‘Anna Morcom’s extensively researched book moves away from the world of classical Indian dances like Bharatanatyam, Kathak associated with religion and sanctioned as acceptable. It deals with those that remain popular in India but are deemed non-classical and whose traditions often do not meet the norms of culture, social, gender and sexual acceptance.‘—Sudha G Tilak, Hindustan Times Mumbai, 2014
‘Anna Morcom’s extraordinarily compelling book represents one of the most significant interventions in the study of dance in contemporary South Asia. Masterfully bridging discourses on class, gender, globalization, economics, morality, and aesthetics, it effectively foregrounds the forms of inequality and power at work in the production, consumption, and politicization of dance in today’s India.’ — Davesh Soneji, McGill University, author of Unfinished Gestures: Devadasis, Memory and Modernity in South India
‘In a swiftly changing world where political and cultural histories are being rewritten and trimmed to conveniently fit into emerging national identities, Anna Morcom’s Illicit Worlds of Indian Dance: Cultures of Exclusion is a breath of fresh air. … I recommend it unreservedly without hesitation or caveats.’ — Reginald Massey, Dancing Times
‘Anna Morcom should have our thanks for introducing us to a neglected, buried, and forgotten landscape of dance and dancers of the Hindi belt… As the title of the book tells us, it is the hidden and disesteemed locus of performance that is scrutinised, but it goes beyond that to formulate an argument propagating the hereditary legitimacy of a culture through the voices of a section of performers today’ – Radhika Dontala, Fountain Ink magazine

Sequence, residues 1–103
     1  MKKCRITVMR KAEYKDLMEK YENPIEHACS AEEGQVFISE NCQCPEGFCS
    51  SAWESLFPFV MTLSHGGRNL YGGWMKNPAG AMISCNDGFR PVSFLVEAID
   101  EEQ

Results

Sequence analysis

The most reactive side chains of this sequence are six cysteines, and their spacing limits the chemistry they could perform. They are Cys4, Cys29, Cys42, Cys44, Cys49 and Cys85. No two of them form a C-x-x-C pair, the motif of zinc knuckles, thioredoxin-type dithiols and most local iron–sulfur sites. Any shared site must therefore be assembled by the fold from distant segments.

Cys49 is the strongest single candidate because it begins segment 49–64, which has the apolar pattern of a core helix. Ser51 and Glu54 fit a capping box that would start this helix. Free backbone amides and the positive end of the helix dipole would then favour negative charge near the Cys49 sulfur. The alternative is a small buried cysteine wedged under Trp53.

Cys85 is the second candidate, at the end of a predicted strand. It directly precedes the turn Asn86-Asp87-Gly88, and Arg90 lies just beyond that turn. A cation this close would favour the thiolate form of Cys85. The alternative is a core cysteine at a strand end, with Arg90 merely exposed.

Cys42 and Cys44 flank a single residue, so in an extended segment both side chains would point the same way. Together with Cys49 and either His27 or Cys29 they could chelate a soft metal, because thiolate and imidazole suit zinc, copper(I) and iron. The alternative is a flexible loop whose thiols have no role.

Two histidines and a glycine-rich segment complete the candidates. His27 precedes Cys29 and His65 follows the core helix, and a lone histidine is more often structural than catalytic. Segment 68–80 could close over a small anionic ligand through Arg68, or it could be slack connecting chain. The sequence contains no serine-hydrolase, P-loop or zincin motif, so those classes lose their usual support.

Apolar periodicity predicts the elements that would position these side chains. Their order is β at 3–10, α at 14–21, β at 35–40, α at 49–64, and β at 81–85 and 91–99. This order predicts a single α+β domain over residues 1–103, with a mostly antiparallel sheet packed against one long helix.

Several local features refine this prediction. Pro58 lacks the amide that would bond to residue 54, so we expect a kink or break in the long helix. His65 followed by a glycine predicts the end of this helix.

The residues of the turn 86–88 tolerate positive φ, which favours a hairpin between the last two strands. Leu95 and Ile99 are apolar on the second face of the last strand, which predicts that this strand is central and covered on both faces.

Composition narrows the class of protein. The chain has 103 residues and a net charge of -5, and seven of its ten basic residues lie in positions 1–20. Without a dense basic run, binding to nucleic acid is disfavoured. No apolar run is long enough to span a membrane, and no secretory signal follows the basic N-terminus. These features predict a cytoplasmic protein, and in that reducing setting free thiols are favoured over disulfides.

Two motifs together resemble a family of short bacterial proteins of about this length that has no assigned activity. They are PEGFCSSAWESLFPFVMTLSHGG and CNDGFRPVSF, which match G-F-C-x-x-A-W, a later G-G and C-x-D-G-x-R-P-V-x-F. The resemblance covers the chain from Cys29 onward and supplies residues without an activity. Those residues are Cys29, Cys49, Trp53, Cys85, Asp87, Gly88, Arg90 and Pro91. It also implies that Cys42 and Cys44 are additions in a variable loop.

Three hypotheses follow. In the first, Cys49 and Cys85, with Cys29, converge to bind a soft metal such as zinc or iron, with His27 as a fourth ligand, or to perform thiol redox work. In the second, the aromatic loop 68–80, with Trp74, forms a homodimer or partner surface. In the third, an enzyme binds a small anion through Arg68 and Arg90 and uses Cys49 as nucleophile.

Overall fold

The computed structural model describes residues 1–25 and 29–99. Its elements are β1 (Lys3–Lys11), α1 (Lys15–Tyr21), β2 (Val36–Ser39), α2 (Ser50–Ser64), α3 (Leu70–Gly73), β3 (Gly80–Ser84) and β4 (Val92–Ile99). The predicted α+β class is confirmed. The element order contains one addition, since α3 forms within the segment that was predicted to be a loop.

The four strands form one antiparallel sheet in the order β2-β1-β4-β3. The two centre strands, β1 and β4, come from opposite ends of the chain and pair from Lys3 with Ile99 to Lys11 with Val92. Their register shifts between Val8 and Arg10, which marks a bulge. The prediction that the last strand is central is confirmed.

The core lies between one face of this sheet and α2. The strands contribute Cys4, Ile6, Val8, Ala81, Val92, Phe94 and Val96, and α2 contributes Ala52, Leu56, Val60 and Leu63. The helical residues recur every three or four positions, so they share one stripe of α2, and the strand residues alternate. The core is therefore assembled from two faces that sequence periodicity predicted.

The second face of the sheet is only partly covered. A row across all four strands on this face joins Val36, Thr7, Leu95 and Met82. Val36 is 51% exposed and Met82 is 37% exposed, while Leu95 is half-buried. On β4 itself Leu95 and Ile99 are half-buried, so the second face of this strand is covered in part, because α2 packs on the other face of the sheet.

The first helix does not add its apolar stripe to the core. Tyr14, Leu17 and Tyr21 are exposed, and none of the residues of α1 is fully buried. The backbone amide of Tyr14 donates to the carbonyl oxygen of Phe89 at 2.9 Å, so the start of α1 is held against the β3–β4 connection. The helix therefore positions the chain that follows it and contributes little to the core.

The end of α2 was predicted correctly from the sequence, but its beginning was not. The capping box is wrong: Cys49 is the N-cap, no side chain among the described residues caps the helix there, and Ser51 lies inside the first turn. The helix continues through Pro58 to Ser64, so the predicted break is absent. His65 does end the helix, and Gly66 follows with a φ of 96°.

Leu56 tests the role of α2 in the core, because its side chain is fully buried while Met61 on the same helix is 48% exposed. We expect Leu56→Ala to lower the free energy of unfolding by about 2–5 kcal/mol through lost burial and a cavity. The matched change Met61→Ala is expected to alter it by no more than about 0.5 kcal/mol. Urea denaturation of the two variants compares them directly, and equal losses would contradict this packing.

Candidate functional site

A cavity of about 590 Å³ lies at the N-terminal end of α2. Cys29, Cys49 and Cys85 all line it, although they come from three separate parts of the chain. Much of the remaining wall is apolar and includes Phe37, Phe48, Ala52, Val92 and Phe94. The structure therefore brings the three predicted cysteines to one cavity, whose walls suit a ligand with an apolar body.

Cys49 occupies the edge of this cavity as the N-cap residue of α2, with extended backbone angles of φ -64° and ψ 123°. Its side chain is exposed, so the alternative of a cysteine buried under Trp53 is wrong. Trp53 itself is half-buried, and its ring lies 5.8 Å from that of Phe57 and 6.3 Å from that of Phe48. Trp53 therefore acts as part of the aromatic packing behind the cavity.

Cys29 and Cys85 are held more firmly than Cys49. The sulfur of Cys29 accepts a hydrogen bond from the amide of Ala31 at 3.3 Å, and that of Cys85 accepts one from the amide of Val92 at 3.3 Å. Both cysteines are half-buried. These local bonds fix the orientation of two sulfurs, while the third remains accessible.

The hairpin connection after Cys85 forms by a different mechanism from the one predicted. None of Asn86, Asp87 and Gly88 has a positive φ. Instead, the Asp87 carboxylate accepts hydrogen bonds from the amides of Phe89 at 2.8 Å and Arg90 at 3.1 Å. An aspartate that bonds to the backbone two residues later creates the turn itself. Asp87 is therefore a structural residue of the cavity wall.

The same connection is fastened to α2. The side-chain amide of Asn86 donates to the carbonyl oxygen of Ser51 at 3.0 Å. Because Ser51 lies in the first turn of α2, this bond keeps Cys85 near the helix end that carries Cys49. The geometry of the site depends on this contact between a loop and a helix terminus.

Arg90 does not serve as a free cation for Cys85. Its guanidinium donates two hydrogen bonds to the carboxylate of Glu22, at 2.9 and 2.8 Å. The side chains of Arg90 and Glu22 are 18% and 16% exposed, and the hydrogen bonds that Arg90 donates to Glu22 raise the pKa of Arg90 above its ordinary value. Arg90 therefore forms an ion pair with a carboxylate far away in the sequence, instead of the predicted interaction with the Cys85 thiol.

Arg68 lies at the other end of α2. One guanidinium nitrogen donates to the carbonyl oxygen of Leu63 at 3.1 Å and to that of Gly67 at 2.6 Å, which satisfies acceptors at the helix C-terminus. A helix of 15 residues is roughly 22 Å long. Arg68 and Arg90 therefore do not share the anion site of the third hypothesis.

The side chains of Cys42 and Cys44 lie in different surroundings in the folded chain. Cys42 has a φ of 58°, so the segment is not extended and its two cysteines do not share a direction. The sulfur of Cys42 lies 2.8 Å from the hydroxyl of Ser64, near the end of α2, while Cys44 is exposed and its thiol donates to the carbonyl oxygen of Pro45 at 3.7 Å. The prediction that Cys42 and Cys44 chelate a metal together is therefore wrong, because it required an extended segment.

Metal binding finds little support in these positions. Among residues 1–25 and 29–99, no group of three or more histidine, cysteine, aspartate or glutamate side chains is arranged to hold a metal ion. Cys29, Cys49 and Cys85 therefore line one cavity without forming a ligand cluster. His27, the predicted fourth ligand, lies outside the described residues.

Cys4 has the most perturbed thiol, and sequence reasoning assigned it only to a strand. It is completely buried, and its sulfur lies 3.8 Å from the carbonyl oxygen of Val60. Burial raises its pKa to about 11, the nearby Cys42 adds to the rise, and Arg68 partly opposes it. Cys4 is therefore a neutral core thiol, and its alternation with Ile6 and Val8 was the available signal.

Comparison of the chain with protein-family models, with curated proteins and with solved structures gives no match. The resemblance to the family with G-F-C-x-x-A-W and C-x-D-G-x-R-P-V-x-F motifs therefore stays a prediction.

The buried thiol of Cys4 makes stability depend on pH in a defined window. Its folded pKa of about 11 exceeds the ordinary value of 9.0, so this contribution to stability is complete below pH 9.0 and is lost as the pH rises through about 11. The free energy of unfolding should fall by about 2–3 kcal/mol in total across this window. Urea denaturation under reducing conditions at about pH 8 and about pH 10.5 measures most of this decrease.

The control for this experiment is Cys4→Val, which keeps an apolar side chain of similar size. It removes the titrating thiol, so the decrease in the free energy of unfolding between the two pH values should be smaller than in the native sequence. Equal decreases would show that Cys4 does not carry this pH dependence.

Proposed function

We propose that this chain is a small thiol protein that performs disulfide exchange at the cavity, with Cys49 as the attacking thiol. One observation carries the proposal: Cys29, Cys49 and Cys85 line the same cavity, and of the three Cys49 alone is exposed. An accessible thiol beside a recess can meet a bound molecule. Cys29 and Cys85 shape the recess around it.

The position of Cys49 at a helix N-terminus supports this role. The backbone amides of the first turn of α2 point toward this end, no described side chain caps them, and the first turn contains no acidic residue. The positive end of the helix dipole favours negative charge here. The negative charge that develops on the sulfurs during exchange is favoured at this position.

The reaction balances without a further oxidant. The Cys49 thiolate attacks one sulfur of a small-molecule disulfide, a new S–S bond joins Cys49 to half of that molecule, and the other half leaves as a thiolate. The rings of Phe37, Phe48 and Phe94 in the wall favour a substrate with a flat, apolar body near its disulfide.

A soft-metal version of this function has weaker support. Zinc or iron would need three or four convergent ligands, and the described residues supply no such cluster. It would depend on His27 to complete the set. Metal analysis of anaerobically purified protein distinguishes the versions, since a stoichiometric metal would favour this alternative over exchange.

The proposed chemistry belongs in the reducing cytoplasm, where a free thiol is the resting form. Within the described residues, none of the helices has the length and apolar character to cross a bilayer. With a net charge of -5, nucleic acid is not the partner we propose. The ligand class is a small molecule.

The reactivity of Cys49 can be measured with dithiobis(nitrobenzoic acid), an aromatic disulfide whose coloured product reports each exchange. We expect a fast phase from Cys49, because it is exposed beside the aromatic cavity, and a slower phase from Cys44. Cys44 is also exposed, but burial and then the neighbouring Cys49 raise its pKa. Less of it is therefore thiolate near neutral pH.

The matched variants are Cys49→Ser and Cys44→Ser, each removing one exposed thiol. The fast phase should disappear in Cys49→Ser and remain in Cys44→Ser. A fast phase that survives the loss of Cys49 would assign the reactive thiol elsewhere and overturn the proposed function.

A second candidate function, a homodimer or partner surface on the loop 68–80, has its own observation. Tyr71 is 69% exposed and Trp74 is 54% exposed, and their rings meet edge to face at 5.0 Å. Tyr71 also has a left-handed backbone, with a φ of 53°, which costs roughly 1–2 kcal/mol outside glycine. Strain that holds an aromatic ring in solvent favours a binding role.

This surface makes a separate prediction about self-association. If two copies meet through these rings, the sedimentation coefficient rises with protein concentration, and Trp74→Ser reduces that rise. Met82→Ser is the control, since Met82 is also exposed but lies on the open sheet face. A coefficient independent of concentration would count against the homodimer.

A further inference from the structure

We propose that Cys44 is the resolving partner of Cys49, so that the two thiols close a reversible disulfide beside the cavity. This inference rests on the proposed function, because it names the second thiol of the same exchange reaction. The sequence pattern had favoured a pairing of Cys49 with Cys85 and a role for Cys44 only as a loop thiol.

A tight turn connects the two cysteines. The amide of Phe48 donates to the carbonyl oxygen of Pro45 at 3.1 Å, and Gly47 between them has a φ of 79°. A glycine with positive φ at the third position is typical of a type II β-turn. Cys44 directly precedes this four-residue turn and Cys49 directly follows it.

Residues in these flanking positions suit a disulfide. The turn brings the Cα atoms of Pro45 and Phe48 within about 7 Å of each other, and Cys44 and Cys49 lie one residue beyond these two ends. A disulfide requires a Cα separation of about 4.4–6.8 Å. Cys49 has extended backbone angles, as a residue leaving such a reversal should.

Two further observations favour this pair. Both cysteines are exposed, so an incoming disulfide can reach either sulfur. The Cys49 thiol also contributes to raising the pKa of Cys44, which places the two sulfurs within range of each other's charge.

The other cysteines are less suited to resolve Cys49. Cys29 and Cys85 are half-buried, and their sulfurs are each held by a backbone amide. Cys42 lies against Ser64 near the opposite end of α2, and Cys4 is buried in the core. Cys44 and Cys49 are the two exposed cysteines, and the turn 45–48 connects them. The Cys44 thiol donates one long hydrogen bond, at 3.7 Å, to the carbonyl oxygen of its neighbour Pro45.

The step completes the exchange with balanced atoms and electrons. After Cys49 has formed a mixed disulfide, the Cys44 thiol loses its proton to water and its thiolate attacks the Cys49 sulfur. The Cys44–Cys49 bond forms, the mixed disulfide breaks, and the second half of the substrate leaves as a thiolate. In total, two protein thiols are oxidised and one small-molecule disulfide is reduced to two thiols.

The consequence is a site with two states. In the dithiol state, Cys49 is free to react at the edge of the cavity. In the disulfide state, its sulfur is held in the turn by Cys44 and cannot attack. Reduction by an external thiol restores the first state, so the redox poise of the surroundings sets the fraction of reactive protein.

‘Contrary to the belief that all Indian dances are spiritual & enlightening many forms practiced in India today are illicit too. I must congratulate Anna Morcom for delving deep into the darker but very real side of the Indian dances and intricately reveal the journey of how spiritual dancers of the temples were reduced to mere sex workers. I will be very surprised if the book is read by the readers just once, why? Because it truly is breathtaking!’ — Madhur Gupta, DESIbliz.com (award winning website)
‘A unique addition to the scholarship on performance written in a highly erudite, well-researched, yet extremely readable manner. Anyone working in the field of South Asian performing arts needs to read this book …brilliant.’ — newbooks.asia
‘This is a remarkable book, of great originality, rigour, and importance in the study of modern Indian popular culture. Combining extensive fieldwork, archival research, and astute interpretation, Morcom presents a rich exploration of the contradictory effects of modernity, nationalism, and bourgeois values on a diverse range of Indian dance traditions, old and new.’ — Peter Manuel, Professor, Graduate Center of the City University of New York